Biometric technology is regarded as capable of contributing to the detection of crime through associating traces of individuals found at the scene of a crime with identification markers of individuals stored in a database (Saini and Kapoor, 2016). Biometric techniques have also been used post mortem in the identification of unknown individuals. Ever improving digital imaging capabilities have led to more efficient capturing of biometric data, making it more practical to consider data as a part of the biological profile of human remains (Sauerwein et al., 2017).
There are a large number of research studies regarding the variety of techniques used in biometric analyses. Bouchrika et al (2011) have considered the use of gait in forensic biometrics, using the locations of the ankle, knee and hip to drive a measure of matches between walking subjects and image sequences. Their location is determined by reference to the Instantaneous Posture Match algorithm, Harr templates, kinematics and anthropomorphic information, finding that individuals could be identified on CCTV images from the way that they walk or run (Bouchrika et al., 2011). Fingerprints are commonly used for identification; however, the investigation process has typically carried out manually by fingerprint experts. Kärgel et al (2012) find that matching speeds for automatic biometric identification of fingerprints was sufficient, but that error rates were too high for applying the matches in a forensic context (Kärgel et al., 2012).
Benzaoui et al (2014) have also researched the potential for automated personal identification using the shape of the ear, since the ear pattern can provide rich and stable information to differentiate and recognise people. The researchers evaluated the use of various methods including local texture descriptors, local binary patterns, local phase quantization and binarised statistical image features for robust human identification from two-dimensional ear images (Benzaoui et al., 2014). The authors found that local descriptors based on small local image patches are more effective under real-world conditions than the use of global image descriptors (Benzaoui et al., 2014). There is a great deal of research, therefore, that has focused upon specific potential uses of biometrics within forensic investigations. However, each one has shown weaknesses in the techniques, which requires further research.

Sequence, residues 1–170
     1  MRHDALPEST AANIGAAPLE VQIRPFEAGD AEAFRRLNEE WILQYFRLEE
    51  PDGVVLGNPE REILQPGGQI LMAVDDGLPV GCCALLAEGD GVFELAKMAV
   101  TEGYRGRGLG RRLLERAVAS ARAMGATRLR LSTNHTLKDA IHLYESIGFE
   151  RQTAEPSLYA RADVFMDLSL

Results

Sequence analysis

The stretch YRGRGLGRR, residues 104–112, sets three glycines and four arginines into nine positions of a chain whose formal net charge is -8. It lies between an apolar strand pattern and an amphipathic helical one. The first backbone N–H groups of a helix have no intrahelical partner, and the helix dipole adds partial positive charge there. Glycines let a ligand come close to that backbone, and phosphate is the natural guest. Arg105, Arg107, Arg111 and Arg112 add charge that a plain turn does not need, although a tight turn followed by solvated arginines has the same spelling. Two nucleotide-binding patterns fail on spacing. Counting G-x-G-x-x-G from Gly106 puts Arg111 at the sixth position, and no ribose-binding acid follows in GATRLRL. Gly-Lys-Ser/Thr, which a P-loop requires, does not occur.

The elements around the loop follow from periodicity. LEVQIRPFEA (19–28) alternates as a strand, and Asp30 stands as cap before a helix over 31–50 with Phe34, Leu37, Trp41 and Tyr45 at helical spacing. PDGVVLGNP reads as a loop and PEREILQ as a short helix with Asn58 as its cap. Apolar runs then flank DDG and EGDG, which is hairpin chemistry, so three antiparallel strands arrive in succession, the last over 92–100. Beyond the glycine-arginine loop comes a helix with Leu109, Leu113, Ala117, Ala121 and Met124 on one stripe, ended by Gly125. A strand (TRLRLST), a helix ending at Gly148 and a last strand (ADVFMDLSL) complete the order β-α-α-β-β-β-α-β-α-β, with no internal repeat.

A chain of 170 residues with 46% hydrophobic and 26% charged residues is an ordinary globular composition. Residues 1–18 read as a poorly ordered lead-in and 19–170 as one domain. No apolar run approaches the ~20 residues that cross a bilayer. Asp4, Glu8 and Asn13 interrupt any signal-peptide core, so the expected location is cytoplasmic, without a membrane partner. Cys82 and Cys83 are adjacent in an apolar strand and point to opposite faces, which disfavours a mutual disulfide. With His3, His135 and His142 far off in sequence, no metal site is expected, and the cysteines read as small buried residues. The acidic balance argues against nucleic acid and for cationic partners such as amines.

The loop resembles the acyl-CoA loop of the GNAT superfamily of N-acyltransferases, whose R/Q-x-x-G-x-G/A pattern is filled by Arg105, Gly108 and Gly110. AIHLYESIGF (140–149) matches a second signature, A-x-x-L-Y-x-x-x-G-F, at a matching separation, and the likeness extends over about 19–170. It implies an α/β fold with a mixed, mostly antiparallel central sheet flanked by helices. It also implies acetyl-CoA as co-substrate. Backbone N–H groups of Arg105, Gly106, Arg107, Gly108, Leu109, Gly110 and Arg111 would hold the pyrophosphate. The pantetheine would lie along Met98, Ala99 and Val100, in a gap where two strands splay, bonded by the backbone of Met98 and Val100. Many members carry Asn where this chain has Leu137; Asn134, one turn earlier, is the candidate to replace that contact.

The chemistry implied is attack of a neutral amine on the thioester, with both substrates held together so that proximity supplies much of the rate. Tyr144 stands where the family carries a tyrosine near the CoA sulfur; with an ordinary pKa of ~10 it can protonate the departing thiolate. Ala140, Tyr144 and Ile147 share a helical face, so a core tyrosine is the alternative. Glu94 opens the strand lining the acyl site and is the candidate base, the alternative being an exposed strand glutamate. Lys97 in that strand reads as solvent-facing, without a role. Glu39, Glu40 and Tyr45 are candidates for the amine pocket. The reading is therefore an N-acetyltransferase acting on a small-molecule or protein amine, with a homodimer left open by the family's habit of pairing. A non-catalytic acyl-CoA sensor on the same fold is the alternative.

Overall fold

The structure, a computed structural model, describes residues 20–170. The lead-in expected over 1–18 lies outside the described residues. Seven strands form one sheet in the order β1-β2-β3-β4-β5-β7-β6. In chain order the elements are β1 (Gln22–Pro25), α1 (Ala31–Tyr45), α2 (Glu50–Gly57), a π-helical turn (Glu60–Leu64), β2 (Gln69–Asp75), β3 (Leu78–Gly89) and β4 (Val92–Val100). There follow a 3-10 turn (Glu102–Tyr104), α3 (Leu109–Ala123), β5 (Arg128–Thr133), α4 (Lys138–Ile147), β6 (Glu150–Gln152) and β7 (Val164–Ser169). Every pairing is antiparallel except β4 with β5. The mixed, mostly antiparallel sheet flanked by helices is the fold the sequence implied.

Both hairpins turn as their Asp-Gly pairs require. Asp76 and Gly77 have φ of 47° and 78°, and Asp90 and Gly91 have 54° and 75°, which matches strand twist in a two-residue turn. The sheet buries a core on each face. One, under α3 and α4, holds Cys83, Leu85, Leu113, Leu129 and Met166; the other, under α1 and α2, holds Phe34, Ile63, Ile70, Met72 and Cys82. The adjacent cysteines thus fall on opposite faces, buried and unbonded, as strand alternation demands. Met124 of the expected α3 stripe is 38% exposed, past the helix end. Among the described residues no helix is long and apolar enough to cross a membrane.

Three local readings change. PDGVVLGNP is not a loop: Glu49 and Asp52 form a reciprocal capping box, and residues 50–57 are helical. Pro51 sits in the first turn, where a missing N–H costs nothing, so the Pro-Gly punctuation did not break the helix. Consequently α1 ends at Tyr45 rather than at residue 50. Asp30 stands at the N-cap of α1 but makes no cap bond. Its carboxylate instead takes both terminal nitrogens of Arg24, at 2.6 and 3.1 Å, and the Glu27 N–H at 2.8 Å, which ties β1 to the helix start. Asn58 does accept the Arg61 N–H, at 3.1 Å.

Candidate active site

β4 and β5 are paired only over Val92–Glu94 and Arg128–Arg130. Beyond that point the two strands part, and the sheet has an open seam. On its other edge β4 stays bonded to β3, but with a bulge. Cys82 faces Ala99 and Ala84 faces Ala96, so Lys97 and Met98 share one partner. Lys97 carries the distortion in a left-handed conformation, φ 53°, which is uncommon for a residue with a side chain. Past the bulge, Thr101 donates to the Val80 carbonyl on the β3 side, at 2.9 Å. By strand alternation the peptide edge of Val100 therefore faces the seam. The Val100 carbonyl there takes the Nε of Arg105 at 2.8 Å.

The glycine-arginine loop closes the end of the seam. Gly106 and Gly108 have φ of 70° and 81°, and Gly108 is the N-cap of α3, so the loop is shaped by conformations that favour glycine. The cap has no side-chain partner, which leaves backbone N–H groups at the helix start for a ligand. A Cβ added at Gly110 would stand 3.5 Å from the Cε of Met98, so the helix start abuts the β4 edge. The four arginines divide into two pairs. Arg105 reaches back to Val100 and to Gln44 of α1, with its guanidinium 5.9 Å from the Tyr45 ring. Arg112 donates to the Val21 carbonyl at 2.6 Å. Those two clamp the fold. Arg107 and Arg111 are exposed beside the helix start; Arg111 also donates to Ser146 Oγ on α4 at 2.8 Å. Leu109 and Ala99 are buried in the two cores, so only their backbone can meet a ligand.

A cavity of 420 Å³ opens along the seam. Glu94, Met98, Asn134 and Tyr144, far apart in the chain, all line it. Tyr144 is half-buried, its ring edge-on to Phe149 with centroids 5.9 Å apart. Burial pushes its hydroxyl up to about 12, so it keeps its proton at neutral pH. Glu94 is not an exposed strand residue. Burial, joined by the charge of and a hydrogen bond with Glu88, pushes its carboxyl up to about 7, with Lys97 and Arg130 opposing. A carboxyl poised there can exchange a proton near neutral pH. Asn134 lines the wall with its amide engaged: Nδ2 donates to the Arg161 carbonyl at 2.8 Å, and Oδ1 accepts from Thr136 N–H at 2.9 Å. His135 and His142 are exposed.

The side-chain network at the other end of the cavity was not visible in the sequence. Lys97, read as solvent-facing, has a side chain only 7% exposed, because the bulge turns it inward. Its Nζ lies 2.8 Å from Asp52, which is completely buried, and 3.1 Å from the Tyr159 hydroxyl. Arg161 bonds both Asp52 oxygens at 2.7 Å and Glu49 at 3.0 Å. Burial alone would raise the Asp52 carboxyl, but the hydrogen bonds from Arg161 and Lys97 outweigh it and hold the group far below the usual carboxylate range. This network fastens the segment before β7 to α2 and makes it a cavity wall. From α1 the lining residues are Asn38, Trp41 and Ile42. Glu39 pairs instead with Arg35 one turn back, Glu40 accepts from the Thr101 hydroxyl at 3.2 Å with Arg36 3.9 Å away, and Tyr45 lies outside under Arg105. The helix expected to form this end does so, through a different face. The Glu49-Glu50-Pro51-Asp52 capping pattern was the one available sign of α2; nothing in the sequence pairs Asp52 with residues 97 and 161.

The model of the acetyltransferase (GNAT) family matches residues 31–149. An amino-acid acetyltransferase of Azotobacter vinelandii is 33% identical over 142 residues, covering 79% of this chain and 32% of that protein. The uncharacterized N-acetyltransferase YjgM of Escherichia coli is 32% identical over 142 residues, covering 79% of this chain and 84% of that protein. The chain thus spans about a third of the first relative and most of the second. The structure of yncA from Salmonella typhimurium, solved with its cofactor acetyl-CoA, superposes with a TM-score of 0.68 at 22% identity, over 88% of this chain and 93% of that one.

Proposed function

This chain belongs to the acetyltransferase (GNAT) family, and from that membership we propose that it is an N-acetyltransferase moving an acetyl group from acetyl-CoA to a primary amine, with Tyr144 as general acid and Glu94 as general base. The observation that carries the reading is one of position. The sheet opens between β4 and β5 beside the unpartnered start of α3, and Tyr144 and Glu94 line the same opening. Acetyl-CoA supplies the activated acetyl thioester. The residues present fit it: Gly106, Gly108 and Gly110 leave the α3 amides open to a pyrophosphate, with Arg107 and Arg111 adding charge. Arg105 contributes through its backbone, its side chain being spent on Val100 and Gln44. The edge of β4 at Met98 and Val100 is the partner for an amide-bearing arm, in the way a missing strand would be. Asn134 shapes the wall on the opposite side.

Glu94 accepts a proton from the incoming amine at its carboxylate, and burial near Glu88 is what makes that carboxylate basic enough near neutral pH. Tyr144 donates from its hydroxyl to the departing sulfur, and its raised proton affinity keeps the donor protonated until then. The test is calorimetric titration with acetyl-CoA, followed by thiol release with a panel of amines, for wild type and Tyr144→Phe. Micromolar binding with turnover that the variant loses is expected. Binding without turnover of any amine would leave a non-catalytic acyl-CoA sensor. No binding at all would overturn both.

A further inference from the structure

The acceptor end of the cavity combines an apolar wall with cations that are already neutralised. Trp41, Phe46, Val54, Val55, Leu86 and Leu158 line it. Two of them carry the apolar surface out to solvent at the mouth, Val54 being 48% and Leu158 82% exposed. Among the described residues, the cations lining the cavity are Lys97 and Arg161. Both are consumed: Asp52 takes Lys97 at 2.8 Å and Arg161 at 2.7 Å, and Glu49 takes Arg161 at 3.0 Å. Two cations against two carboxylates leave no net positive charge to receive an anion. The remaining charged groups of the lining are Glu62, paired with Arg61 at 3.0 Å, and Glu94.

Biometric systems are also vulnerable to certain types of attack, such as at the sensor level by using fake inputs (Arunalatha and Ezhilarasan, 2016). General mechanisms of computer attacks are also relevant to biometric systems making identification in forensic examinations; spoofing refers to the fraudulent access by an unauthorised person into biometric systems by using fake input to reproduce an authorised person's biometric input (Arunalatha and Ezhilarasan, 2016).
It is clear that while biometrics have shown great potential to be used in forensic investigations, there are also specific weaknesses associated with the particular uses. The gap in the literature that has been identified, therefore, is an overview of the various methods and their applications in forensic sciences which focuses on the advantages and disadvantages of a variety of methods.
Importance of Research
The importance of this research is to understand the contribution that can be made by biometric technologies to the advancement of forensic science in detecting the perpetrators of crimes. As has been discussed, there remain many weaknesses to be addressed in these developing techniques; the research seeks to evaluate the current state of developments of biometric technologies in relation to forensic examinations as well as to consider future potential directions.
Aims and Objectives
The aim of the research is to evaluate the strengths and weaknesses of current trends in biometric science and its application within forensic examinations. In order to further this aim, the following objectives will be pursued:
- To evaluate the current trends in biometrics and possible applications
- To focus specifically on the advantages of biometric methods in forensic investigations